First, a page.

Monday, December 16, 2013

Joan Fontaine (1917-2013)

I think to the crime fiction world Joan Fontaine, who died yesterday at the age of 96, is best known for the films Rebecca (1940) and Suspicion (1941), both directed by Alfred Hitchcock and based, respectively, novels by Daphne du Maurier and Anthony Berkeley Cox.

Great films both (though the alteration of the novel's ending in Suspicion is controversial), but I want to take this opportunity to take note of the 1947 Joan Fontaine film Ivy, a period murder melodrama adapted from The Story of Ivy (1927), by Marie Belloc Lowndes, an under-appreciated crime writer (she's almost solely known today for one work, the much-filmed Jack-the-Ripper tale The Lodger).

Sadly, Ivy is not available on DVD, but let this be my plea to see it released as such.  It's a splendid old Victorian crime story, with a wicked woman (Fontaine), adultery, arsenic and annihilation.

Also in the cast are Herbert Marshall, Richard Ney and Patric Knowles, but except for a brief scene-stealing cameo as a fortune teller from Una O'Connor it is Joan Fontaine's show all the way.  Watch it if you get the chance.

Incidentally, here's the Suspense radio version of The Story of Ivy, starring Ann Richards.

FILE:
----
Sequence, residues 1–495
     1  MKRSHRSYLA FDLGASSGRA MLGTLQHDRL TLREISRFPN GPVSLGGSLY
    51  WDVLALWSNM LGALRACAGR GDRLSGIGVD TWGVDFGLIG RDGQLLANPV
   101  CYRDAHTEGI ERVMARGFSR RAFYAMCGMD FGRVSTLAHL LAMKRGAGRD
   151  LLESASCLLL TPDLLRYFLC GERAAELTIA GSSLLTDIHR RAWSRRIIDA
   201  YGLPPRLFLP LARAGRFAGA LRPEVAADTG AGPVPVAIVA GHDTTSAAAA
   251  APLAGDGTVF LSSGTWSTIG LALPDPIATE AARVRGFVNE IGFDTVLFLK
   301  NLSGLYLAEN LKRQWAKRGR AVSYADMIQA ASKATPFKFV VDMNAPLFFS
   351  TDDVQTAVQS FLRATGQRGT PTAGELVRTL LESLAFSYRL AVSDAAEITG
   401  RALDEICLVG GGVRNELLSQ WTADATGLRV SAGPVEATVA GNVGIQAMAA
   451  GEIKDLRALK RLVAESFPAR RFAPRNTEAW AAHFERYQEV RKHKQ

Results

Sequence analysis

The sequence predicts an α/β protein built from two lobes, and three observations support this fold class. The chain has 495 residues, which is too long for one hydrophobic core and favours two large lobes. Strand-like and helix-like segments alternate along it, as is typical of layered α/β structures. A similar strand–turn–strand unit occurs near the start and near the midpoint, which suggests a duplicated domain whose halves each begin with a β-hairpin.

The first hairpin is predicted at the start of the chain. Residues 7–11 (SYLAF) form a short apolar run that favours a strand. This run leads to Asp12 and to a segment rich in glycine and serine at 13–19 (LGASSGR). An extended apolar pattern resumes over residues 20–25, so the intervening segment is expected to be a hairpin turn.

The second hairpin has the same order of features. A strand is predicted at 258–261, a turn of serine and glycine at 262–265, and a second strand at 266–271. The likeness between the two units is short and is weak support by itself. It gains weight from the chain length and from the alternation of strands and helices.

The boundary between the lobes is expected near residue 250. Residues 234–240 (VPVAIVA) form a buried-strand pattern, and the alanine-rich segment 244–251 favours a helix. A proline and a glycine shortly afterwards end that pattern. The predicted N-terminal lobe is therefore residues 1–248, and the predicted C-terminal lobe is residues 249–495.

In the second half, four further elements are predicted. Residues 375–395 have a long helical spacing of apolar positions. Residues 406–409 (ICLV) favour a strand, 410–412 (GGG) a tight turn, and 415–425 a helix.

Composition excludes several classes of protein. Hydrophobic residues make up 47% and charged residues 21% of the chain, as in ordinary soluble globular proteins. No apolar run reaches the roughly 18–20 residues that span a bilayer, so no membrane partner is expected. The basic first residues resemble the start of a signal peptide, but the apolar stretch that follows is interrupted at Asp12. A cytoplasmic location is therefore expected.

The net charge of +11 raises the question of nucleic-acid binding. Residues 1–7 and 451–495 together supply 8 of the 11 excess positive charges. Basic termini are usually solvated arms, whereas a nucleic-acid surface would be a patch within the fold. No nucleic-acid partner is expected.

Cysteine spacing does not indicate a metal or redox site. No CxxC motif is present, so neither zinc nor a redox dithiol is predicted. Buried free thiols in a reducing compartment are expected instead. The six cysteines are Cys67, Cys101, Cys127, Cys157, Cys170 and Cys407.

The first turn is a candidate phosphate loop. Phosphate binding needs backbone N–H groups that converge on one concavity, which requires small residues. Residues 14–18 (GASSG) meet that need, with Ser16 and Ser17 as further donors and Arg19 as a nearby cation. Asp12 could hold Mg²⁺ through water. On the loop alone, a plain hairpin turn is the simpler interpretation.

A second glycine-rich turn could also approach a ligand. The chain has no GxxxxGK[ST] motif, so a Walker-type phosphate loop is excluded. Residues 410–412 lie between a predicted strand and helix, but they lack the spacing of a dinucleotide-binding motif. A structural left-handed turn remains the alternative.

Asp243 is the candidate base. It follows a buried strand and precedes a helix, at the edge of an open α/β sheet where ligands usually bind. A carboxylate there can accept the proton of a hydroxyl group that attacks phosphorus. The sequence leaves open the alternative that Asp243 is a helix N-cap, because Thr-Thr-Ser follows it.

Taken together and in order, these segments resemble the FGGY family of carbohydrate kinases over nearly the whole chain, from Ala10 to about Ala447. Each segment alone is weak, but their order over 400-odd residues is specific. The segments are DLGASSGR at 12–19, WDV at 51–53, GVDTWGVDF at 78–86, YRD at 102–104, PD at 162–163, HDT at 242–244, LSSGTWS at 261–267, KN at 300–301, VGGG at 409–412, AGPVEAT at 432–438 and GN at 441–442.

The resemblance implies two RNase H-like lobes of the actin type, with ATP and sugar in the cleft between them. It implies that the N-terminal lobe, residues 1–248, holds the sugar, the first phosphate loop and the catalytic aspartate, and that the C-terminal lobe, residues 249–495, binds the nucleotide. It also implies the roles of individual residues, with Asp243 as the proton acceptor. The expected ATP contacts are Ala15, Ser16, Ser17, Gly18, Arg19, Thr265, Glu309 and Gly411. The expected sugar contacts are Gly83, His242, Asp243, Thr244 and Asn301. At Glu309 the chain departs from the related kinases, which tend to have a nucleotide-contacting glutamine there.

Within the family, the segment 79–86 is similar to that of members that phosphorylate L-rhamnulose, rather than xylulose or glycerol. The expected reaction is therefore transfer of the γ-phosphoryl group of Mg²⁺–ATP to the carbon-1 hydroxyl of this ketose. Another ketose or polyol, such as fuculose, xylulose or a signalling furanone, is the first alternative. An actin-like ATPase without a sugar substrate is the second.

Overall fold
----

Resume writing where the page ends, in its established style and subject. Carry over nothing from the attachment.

1. The Story of Ivy is one of my favourite books and this movie has long been on my TBW list.

  2. Freaky! I was in San Diego when I learned of Fontaine's death and thought I'd pay her a tribute on my blog when I got home. Seriously, Curt I was going to write a post on Joan and specifically the movie version of the Belloc Lowndes novel. So you've trumped me just as I trumped you with John Hawk. R.I.P. to Joan ...and Peter O' Toole, too.
    BTW: Ivy is on YouTube, but broken up into several parts. That's not stopped me though. It's the only way I got to see THE RECKLESS MOMENTS several years ago.

  3. Great choice Curt (and, in absentia, John) - I don;t think she was a great actress necessarily but was gret in a half dozen or so movie - LETTER FROM AN UNKNOWN WOMAN might be my favourite.

  4. Snap! I was also planning to dig out my recording from TV of this film for a little tribute to Joan Fontaine. I'm obviously going to have to work a LOT faster.

  5. Well, it's a short entry so I'm sure there's plenty left for you folks to say! I saw the film nearly fifteen years ago and it was a great pleasure in part because I had never heard of it. It's those unexpected pleasures that often are the sweetest.

    One thing I liked about Fontaine in this is that she's not the sort of waif type she is in Suspicion and Rebecca. Would love to have seen Fontaine's Ivy pitted against Judith Anderson's Mrs. Danvers!